It promotes creativity and imagination. This unstructured style of play also allows children to interact meaningfully with their surroundings. They can think more freely, design their own activities, and approach the world in inventive ways.
Sunshine provides Vitamin D! Children need vitamin D for bone growth and development. So do babies developing in the womb. Vitamin D helps us absorb calcium. Serious vitamin D deficiency in children can cause rickets, delayed motor development, muscle weakness, aches and pains, and fractures.
It provides different stimulation. Nature may seem less stimulating than a video game, but in reality, it activates more senses. You can see, hear, smell, and touch outdoor environments. As the young spend less and less of their lives in natural surroundings, their senses narrow, this reduces the richness of human experience.
It makes them think. From an environmental perspective nature creates a unique sense of wonder for children that no other environment can provide. The phenomena that occur naturally in gardens and parks everyday make children ask questions about the earth and the life that it supports.
It reduces stress and fatigue. In natural environments, we practice an effortless type of attention known as soft fascination that creates feelings of pleasure. Unlike the urban environment that drains our senses and causes fatigue.
The Benefits of Vaccinations
Immunisation is one of the great scientific advances that has changed the world as we know it. It is an affordable and effective means of protecting not just individuals but whole communities from debilitating diseases.
Many childhood diseases can spread very quickly and have serious consequences. Vaccination is one of the key ways of reducing the incidence of infectious diseases.
Immunisation is the process whereby an individual’s immune system becomes protected against an infection. The purpose of immunisation is to prevent people from acquiring infectious diseases and to protect them against the associated short and longer-term complications of the disease.
Vaccine refers to the material used for immunisation, while vaccination refers to the act of giving a vaccine to a person. Vaccines work by stimulating the body’s defence mechanisms against an infection. These defence mechanisms are collectively referred to as the immune system.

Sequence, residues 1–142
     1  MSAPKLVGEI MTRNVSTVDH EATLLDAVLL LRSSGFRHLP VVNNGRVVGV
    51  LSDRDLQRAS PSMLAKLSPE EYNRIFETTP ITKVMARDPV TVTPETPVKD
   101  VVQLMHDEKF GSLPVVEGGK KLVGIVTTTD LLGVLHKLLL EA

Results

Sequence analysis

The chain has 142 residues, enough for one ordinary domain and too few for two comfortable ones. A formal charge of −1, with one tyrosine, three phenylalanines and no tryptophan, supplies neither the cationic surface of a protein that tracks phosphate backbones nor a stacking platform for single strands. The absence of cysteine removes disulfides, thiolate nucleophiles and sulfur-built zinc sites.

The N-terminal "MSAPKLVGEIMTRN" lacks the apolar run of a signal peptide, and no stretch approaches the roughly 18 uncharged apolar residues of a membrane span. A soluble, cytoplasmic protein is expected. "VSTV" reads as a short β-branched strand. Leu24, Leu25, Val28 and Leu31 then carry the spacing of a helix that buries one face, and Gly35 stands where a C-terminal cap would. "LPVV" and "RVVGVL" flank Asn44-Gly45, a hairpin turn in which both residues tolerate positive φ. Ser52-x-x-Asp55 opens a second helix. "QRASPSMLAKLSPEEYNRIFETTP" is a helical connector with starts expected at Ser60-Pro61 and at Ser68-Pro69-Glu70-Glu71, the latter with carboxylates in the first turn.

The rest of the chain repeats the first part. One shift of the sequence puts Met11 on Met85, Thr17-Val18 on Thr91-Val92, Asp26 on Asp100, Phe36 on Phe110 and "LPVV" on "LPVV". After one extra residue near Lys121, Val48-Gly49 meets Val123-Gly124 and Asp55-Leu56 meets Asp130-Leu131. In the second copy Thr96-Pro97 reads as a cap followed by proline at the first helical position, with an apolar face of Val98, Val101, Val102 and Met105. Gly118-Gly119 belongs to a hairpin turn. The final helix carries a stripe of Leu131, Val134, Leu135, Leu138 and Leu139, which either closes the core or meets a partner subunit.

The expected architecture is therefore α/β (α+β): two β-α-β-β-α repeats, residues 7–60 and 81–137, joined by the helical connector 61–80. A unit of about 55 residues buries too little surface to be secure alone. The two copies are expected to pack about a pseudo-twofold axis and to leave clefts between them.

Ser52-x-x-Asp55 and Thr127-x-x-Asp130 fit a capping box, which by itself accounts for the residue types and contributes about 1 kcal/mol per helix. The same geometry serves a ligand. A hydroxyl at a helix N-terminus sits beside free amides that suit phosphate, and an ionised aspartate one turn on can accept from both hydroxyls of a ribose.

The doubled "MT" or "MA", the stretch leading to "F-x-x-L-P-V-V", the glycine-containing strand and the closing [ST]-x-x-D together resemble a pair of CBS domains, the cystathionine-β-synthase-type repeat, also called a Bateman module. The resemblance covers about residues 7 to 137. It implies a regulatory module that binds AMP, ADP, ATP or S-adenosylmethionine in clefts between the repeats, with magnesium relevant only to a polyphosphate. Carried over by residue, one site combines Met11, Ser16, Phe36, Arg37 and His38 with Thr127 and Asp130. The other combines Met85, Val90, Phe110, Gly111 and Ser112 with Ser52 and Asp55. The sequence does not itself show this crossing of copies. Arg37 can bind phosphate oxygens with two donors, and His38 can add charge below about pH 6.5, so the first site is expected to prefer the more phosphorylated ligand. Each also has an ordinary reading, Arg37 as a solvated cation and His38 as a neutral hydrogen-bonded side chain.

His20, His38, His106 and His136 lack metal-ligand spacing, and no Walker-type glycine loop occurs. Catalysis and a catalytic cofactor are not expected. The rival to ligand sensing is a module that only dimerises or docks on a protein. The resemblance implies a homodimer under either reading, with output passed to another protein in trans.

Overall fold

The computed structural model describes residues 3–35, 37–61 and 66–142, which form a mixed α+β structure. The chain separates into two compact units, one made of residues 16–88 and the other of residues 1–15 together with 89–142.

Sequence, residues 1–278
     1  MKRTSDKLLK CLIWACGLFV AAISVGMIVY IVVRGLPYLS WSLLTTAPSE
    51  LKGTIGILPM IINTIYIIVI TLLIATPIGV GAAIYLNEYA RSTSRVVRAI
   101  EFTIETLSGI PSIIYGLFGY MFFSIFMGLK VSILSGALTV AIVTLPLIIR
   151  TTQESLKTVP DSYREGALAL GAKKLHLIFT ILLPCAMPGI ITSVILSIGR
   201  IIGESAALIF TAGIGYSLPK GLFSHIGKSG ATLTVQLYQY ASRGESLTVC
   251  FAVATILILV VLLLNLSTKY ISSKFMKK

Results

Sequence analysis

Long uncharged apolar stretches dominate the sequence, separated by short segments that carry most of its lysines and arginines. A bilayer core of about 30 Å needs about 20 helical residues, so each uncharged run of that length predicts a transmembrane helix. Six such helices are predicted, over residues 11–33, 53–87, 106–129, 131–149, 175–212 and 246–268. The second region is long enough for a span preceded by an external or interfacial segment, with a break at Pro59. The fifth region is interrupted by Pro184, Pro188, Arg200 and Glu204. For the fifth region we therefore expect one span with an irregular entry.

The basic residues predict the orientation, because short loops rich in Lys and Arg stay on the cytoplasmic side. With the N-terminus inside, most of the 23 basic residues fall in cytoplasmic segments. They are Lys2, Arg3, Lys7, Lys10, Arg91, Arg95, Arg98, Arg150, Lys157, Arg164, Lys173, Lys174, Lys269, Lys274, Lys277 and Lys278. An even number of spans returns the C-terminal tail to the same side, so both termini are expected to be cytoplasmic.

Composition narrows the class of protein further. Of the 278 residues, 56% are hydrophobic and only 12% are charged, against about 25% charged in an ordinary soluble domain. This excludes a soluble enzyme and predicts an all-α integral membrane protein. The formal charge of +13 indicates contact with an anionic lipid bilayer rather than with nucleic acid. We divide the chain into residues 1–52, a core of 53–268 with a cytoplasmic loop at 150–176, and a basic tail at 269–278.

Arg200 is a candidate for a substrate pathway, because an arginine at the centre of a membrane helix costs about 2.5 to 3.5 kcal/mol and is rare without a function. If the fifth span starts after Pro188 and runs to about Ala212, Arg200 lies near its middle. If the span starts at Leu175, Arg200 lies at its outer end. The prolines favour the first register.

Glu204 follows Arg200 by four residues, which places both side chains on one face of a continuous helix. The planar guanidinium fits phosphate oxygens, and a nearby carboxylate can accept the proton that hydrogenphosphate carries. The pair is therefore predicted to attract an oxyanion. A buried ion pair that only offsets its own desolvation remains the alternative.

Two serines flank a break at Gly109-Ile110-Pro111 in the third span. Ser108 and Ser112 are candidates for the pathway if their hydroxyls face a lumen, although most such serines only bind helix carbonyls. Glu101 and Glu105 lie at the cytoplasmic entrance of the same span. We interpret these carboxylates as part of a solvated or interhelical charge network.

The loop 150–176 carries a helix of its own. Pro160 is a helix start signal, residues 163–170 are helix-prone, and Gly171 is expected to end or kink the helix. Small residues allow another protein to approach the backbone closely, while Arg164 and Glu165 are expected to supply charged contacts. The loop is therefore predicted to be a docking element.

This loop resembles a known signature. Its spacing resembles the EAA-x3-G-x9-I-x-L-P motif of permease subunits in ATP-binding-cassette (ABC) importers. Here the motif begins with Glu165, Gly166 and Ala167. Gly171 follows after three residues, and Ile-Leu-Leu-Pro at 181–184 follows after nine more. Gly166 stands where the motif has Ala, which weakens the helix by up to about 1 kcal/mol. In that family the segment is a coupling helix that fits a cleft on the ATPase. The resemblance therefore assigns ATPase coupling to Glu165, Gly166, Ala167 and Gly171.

Vaccines mimic and sometimes improve on the body’s protective response. Helping the immune system detect and destroy the infection when it is encountered in the future without development of significant symptoms or complications.
The Benefits of Healthy Eating
A healthy, balanced diet is vital for your child, especially as it provides them with essential nutrients needed for their continued growth and development. Yet with so much conflicting information regarding food and health it can be confusing for many parents when trying to understand what your child needs and why they need it.
Making sure your child has a balanced diet means much more than eating fruit and vegetables for every meal. It involves encouraging them to have a healthy relationship with food! For example, making sure they don’t eat food for the sake of it and knowing that binging on junk food won’t make them feel good. Understanding and using the word ‘moderation’ early on will be sure to teach your child fantastic eating habits, which will stay with them for life.
Other ways a healthy diet can be achieved is by making child-appropriate portion sizes. Aim for three balanced meals a day with up to two healthy snacks.
The Benefits of a Good Sleep Routine
Studies have shown that kids who regularly get an adequate amount of sleep have improved attention, behaviour, learning, memory, and overall mental and physical health. Not getting enough sleep can lead to:
- irritability, increased stress, forgetfulness, difficulties with learning and low motivation. Over time, it can contribute to anxiety and depression.
- Sleep time guidelines depend on a child’s age. Every child is different, so take time to figure out what works best for your child.
- If your child’s sleep routine is disrupted, return them to a healthy sleep schedule as soon as possible.
- See your doctor if you have concerns about your child’s sleep patterns. Sleep is a very important part of your child’s mental and physical health. It allows your child’s mind and body to rest and recover.
When it comes to a healthy lifestyle, the role of parents is the same no matter the size of their children. A healthy weight for kids is about much more than numbers. It is about healthy behaviours, such as enjoying a variety of foods and activities for strength, flexibility and aerobic capacity.
For more information on how young people can stay healthy visit the Frimley Healthier Together website
The month to think pink for Breast Cancer Awareness
October is breast cancer awareness month; a time to get out the pink ribbons, bunting and raise some money for breast cancer charities. It’s an international campaign which started in 1985 to raise awareness of breast cancer and to promote the importance of screening (tests to detect the disease). Now every October, breast cancer charities and organisations come together to increase awareness of breast cancer and raise funds for research into its cause, prevention, diagnosis, treatment and cure.